In our latest blog post, Dominican Volunteer Lacey Green shares how her year as a DV has influenced who she is and who she strives to become. Lacey serves at the Darst Center, an educational center with a focus on social justice issues in Chicago Illinois.
I’m not Catholic. I have been learning about Catholic traditions over the past six months. A very large part our personal identity is a result of what we value and believe. I believe in community. Since I was very young, I have struggled with feeling lonely. I’m 33 years old. I have spent over a decade pondering the meaning of community as I have searched relentlessly searched for a place called home. In my adult life, I have lived in 10 different states and in China. My current home is at the House of Connections in Chicago, IL. I never thought in a million years that I would find myself back in the Midwest. However, DVUSA and Providence has brought me back for round two. The Dominican Volunteer program has been a confirmation of who I am. I may not be Catholic, but I certainly am Dominican!
When I was looking at other similar volunteer programs, most had a requirement that you must be Catholic. I just wanted to be a part of something without forfeiting my own personal spirituality. I love that Dominicans seem to have a “Come as you are” mentality. I have a vision to start a nonprofit before the end of 2019. I desire to reach out to those are who lonely. Isolation can be experience by both those who have little and those who have much. Don’t let a well-dressed person fool you, loneliness is a problem in corporate America as much as it is with those living on the streets. I envision a world where everyone has someone to “do life” with.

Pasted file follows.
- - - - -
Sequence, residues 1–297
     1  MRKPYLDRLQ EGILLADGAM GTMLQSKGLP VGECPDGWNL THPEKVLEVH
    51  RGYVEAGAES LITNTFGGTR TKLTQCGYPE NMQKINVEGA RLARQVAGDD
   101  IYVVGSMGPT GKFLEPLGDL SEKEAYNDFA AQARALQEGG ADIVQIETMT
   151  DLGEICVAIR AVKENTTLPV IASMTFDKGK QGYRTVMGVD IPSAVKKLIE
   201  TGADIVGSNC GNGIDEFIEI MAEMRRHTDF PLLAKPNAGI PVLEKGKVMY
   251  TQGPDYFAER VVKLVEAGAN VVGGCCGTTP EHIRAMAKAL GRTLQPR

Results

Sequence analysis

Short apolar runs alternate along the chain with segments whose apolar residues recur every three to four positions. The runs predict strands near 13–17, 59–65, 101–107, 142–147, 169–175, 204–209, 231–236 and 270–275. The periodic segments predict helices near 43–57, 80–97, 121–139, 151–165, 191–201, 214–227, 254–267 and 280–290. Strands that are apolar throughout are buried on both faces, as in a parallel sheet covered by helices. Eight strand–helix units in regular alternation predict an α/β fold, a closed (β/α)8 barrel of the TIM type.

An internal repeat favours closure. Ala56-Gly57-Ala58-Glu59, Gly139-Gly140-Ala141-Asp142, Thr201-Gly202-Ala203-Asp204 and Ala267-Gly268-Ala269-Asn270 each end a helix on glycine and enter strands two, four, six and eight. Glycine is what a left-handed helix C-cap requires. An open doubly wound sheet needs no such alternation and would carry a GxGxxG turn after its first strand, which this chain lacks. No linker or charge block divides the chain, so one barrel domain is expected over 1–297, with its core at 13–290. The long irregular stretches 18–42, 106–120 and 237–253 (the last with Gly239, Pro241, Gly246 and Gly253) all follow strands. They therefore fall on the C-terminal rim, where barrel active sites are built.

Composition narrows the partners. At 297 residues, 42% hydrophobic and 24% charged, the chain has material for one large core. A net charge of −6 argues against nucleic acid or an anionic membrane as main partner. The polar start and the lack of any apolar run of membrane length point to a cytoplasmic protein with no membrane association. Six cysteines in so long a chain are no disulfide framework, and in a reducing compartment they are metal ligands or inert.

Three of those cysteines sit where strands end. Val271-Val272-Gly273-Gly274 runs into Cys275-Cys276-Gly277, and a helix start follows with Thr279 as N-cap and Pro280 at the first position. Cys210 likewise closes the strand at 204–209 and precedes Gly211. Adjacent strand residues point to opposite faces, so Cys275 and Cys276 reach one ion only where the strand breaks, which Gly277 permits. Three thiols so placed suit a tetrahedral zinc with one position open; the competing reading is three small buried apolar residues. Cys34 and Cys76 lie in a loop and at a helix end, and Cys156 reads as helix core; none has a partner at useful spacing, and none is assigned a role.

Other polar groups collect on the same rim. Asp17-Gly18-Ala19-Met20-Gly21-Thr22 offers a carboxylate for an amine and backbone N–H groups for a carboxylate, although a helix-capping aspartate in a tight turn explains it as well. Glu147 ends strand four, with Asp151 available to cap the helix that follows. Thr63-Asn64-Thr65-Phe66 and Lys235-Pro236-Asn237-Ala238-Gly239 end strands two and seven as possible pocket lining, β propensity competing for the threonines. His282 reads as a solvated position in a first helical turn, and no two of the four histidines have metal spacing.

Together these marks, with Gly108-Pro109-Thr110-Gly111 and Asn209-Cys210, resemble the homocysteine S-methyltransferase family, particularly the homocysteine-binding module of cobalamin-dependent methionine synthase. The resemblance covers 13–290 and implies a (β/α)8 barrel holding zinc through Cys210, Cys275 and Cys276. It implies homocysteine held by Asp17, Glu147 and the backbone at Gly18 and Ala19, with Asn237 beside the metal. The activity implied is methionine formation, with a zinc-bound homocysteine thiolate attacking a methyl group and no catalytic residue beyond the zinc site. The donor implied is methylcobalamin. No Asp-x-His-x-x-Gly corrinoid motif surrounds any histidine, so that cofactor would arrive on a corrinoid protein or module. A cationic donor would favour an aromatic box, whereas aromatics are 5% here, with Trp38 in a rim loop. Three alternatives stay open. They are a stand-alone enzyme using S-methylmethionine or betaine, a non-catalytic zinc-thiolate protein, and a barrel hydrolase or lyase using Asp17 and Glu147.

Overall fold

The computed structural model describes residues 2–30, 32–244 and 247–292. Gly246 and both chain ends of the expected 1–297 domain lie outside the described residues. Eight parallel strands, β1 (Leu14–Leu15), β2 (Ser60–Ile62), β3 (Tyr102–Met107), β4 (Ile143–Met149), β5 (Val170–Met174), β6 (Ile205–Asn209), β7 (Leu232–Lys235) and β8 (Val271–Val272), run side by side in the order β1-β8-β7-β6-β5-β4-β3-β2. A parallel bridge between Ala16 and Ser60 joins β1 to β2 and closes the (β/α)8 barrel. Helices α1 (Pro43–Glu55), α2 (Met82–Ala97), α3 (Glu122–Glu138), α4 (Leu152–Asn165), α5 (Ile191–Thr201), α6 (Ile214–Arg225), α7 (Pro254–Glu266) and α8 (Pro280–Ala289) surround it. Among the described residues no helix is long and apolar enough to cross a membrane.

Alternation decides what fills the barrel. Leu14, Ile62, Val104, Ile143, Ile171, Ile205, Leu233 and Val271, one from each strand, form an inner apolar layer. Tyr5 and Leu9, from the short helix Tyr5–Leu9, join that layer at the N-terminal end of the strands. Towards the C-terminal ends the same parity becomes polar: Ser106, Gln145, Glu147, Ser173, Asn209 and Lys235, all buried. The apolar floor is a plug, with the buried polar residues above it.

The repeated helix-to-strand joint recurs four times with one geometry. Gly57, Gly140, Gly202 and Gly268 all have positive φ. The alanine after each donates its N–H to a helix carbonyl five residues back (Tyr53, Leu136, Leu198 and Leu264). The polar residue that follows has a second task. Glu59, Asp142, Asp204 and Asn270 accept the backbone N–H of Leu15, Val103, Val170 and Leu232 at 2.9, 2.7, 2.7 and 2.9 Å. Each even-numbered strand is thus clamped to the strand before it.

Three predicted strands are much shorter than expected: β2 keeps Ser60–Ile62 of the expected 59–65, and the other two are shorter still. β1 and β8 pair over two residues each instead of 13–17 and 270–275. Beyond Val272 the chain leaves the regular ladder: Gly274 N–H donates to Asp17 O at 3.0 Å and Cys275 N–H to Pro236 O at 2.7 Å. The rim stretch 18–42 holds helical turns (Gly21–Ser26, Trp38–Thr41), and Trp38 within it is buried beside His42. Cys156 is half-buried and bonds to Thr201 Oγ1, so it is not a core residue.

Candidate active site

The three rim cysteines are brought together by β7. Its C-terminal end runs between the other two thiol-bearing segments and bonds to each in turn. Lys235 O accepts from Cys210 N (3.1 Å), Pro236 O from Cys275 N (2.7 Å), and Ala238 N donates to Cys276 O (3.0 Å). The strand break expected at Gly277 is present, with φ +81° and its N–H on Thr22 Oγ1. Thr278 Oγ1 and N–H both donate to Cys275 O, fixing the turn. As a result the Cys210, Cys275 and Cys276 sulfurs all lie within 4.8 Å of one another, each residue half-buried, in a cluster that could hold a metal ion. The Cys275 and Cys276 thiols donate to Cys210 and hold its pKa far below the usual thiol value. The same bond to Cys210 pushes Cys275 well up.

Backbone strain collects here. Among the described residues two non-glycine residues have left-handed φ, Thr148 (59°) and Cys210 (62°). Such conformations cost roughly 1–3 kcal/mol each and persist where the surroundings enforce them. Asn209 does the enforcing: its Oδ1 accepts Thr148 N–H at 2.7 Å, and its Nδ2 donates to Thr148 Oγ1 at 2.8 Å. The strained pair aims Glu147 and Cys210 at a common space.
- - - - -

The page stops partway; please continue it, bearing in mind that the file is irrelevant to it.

Recently, my community took a trip to visit the Sinsinawa Dominicans. There I was given an opportunity to share my vision with Sister Christa and Sister Melissa, both whom were very encouraging. A few days later, The Sinsinawa Dominican Leader Council sent me a Christmas card with a quote from Pope Francis, “Every Stranger who knocks at our door is an opportunity for an encounter with Jesus Christ.” Dominicans have a desire to welcome everyone with open arms. Isolation is rare occurrence in our sphere because we are family. As Dominicans, we seek out the solo in hopes they too might know the joy of loving and being loved. This is a family that I’m proud to be a part of!